Consider this example: If Emily, an employee, wants to communicate with her lawyer about her employer, ACME, Inc., regarding her concerns about sexual harassment in the workplace, she ordinarily may do so with every confidence that the communication will not lose its confidential nature. However, one way that the private, confidential nature of Emily’s communication to her lawyer may be lost is if she and/or her lawyer uses the ACME email domain/server to communicate. This is particularly true in instances where the employer has made it clear in its handbook that employees have no expectation of privacy in communications made over the company’s email server.
If an employee uses an employer’s email domain to communicate with his or her lawyer, there is a significant risk that the communications may lose the protection of confidentiality. This was the case in a recent Florida case, where the court said that the information sent between client and attorney over the employer’s email domain and server was not protected by rules of confidentiality and the attorney client privilege.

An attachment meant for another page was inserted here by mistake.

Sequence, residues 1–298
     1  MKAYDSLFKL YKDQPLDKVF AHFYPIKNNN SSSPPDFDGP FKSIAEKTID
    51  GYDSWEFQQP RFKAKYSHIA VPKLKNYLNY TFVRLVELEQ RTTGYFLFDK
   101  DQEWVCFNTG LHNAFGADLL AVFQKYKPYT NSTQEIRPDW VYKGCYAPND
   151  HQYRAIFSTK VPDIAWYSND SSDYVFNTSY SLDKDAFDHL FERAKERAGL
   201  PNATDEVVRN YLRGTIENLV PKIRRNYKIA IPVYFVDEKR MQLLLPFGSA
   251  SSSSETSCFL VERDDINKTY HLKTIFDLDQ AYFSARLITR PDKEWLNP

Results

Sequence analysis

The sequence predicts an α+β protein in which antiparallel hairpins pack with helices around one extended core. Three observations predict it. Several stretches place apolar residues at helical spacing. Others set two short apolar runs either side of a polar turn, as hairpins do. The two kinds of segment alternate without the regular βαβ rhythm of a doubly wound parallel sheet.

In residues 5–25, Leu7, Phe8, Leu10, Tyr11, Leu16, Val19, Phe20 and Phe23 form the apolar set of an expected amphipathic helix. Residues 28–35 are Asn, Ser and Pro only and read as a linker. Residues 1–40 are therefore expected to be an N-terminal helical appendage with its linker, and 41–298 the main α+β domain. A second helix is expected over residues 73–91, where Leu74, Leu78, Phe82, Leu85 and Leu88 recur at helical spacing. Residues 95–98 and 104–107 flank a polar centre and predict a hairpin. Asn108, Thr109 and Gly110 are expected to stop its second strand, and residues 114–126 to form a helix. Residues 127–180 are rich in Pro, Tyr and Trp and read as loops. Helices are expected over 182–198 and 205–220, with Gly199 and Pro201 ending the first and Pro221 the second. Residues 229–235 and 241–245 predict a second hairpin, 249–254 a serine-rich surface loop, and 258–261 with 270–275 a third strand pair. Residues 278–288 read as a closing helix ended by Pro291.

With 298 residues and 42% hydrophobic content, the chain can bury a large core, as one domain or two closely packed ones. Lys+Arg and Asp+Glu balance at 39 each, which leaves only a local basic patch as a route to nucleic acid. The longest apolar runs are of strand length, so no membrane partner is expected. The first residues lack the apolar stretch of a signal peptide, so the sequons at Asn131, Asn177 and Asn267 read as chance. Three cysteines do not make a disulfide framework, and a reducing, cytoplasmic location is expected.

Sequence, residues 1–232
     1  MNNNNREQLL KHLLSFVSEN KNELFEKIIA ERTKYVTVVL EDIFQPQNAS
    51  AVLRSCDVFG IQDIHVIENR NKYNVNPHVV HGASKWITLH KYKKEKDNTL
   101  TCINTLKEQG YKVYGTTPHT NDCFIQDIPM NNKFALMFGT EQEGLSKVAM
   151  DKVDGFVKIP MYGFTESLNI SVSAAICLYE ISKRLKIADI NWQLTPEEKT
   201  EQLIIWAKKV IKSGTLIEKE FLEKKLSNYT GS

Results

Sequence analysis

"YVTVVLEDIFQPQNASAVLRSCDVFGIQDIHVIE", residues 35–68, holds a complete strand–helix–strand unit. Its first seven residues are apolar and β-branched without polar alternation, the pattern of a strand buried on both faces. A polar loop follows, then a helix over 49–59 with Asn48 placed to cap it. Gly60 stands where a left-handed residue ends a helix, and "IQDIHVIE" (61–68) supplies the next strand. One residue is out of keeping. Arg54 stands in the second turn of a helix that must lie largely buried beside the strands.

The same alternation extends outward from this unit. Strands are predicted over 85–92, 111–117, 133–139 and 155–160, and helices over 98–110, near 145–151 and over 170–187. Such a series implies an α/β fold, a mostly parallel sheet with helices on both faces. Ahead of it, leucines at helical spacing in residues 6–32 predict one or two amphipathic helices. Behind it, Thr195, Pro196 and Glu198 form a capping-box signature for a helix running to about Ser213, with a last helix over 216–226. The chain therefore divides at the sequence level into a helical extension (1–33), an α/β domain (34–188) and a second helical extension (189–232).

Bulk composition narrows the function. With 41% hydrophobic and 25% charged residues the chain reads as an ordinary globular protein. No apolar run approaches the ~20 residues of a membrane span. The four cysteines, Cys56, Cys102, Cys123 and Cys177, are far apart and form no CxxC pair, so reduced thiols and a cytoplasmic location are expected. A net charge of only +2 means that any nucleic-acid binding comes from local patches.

As such, an employee is well-advised to use an email domain other than one that is provided by the employer when communicating with their lawyer. The employer is well-advised to specify as part of its policies in its employee handbook that employees should not expect privacy or confidentiality for matters that are shared over the employer’s email domain. In other words, employers should consider drafting a well-written policy that there is no expectation of privacy if the employee uses the employer’s server or email domain for personal purposes. Finally, although it may be inconvenient, a person or business that communicates with an attorney should take care to use a method of communication that maintains confidentiality, one of the greatest benefits of seeking legal advice from an attorney.